So while we turned out material of usual suspects like Hector Lavoe and Eddie Palmieri, we also wanted to expose the work of unsung heroes like Markolino Dimond and Bobby Paunetto in order to tell the complete story. We wanted to show that Fania wasn’t just about salsa.

The new decade found a generation of kids who didn’t know Willie Colon from Bing Crosby.

We were careful to keep the general market material to strictly CD and MP3, and save the rarer joints for vinyl. But even though we managed to release a number of hidden gems, the marketplace began to rear its ugly head. In the label’s history, Hector Lavoe had outsold all other artists combined. Even salsa-obsessed fans weren’t necessarily interested in the unearthed or slept-on gems. That’s why most labels simply reissue the same material year after year while other great catalog sits and rots forever. It’s the law of the marketplace.

We had some lofty ideas of hipping people to quiet game changers, but most people just wanted to hear Hector Lavoe. In the midst of a music industry meltdown and restructuring, everything needs to be a home run. It became clear that the economics of reissuing a large catalog in this new music business dictate that, despite its rarity and quality, some material will never see the light of day.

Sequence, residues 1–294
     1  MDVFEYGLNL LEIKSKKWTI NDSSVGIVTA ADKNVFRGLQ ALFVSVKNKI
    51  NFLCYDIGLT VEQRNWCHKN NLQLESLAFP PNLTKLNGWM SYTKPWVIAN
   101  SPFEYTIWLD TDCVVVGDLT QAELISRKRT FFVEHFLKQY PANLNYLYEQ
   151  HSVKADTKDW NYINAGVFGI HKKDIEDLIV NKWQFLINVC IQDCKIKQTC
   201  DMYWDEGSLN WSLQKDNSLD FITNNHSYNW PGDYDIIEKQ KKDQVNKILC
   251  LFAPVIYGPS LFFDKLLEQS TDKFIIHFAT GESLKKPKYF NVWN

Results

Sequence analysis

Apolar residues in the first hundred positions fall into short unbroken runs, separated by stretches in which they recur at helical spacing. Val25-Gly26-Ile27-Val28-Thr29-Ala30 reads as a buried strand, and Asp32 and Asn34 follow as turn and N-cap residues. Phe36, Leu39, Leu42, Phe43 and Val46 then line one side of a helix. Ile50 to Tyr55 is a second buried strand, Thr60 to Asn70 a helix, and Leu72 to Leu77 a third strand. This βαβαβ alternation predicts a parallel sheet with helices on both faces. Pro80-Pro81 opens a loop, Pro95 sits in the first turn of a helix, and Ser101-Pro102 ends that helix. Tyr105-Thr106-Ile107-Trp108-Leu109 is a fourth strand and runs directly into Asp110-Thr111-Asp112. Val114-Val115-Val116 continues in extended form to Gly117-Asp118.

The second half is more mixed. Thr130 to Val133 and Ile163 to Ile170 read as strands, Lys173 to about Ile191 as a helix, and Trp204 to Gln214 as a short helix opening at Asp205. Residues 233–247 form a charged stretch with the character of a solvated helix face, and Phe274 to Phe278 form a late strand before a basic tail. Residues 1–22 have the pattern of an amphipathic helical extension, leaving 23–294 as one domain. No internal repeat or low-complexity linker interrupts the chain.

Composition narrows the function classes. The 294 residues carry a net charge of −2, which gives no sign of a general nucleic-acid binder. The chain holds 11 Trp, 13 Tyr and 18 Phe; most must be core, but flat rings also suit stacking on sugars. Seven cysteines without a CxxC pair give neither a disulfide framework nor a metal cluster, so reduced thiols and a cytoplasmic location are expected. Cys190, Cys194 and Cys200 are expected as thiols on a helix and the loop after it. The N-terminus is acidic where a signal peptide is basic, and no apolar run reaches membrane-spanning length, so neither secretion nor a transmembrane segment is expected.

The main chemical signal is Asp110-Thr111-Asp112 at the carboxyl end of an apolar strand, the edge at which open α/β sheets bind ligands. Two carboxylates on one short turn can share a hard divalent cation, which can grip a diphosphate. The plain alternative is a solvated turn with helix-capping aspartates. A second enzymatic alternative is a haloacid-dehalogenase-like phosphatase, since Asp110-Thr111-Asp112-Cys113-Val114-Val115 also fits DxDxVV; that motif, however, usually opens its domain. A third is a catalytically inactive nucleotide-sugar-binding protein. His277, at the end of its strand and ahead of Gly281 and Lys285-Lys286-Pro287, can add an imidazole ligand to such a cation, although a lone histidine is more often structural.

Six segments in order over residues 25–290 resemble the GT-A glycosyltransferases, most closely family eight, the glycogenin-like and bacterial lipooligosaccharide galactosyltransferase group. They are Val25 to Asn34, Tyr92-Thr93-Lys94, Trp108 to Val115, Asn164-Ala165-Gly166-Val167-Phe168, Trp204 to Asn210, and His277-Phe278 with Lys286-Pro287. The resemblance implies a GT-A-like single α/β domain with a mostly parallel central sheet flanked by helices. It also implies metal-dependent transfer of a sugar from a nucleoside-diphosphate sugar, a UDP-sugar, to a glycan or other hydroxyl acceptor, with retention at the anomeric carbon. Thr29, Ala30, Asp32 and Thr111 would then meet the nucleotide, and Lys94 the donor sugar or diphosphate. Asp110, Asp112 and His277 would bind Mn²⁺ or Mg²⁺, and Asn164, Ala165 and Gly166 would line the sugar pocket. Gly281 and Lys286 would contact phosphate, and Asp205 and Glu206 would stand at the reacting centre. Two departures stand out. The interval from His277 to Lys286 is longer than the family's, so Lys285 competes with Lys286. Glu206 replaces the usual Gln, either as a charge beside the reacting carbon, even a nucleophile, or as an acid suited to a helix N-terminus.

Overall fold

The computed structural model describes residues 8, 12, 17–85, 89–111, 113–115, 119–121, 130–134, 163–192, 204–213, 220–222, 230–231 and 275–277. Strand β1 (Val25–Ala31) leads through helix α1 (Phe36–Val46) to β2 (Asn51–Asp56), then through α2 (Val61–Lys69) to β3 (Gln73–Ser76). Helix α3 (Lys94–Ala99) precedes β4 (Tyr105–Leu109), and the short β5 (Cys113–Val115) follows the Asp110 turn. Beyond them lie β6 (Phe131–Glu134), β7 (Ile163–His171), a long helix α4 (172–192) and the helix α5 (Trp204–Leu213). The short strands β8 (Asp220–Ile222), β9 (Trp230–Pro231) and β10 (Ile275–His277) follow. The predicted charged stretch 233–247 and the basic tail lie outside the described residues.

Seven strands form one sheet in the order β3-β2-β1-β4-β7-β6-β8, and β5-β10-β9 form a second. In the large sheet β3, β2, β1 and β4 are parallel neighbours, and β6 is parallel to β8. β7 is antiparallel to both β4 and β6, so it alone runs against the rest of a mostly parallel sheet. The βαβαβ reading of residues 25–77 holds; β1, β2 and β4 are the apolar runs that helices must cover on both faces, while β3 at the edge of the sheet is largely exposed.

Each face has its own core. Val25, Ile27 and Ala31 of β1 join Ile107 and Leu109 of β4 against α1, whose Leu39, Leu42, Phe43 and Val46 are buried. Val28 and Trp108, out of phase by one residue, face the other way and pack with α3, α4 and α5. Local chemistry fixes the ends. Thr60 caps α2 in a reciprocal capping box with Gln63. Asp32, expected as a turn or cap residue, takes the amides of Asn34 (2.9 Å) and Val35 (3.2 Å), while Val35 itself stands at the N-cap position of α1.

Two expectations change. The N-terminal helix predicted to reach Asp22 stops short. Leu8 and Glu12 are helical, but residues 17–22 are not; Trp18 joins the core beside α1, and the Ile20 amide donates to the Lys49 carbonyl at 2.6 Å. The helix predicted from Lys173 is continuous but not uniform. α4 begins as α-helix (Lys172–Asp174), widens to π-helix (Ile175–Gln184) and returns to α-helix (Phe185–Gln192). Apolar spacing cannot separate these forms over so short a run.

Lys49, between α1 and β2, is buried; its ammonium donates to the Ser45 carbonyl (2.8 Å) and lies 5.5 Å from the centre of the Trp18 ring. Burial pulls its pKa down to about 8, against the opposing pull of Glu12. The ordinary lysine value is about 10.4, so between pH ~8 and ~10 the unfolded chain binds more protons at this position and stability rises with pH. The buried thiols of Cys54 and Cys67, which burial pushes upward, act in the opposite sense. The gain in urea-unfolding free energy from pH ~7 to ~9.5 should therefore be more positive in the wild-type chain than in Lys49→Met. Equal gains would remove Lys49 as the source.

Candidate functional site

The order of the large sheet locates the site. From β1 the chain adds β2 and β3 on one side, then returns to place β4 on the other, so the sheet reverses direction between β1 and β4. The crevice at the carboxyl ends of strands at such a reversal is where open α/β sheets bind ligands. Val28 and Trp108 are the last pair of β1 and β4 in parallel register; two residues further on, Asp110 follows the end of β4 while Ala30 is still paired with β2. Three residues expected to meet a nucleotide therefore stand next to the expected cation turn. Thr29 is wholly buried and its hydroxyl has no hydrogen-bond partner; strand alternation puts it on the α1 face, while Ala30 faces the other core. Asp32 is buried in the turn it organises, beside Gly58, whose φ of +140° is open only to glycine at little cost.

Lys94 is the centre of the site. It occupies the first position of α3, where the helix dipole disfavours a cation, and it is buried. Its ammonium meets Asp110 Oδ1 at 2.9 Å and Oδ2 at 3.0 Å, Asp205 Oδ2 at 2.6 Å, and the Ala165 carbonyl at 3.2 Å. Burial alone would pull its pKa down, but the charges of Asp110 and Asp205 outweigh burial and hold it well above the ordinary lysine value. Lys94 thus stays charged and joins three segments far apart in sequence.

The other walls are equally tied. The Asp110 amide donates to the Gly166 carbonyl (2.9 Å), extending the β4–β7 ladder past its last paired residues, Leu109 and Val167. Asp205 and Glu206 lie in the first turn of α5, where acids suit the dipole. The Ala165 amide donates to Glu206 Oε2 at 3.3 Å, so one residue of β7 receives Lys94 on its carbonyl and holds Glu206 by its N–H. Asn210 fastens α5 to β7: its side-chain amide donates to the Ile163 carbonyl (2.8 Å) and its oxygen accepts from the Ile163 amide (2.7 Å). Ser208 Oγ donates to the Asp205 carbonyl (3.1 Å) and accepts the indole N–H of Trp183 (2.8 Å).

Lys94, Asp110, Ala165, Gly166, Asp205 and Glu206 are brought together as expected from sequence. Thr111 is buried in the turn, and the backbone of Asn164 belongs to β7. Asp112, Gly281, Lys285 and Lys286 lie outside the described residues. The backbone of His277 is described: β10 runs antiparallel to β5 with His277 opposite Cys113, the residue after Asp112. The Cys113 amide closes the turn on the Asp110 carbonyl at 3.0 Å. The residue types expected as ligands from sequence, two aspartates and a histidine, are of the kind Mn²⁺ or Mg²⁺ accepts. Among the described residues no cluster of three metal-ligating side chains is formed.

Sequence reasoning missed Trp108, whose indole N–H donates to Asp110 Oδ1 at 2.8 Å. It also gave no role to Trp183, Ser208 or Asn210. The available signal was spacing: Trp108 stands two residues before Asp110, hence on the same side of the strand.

Timing is everything. (Part I)

Though we were looking at a catalog of over 20,000 tracks, of which only a fraction had been released, there was no way to anticipate the buyer’s fatigue even the most die-hard Fania fans were experiencing. Some of these people had been riding with the label for almost four decades at that point. Just a year before, under different ownership, they had seen the release of eight albums a month of poorly remastered and packaged material. Bulk reissuing of the catalog had saturated the market. It just wasn’t possible for fans to keep coming out of pocket for new remasters month after month even if ours did sound, look and read better.

Timing is everything. (Part II)

When you’re reissuing catalog, not only do you have to consider the original audience, but also the new generation of fans you’re trying to connect with. It’s all about timing. If you’re lucky, there’s a group of hungry kids eager to incorporate those old sounds into their lives. You really only get one shot to strike that chord, and you better do it right. Not only was our timing bad, but that shot wasn’t ours to begin with. By the time we were called in, waves of releases had already hit the market years before. Fania’s A-list artists alone were enough to keep fans busy most of the decade. While Willie Colon may have reverberated with that audience, the new decade found a generation of kids who didn’t know Willie Colon from Bing Crosby. They weren’t necessarily looking to the same vintage music for inspiration. We never got the chance to tap into the deep well of artists they were looking for, and chances are, no one ever will.

By Andre Torres on May 9, 2013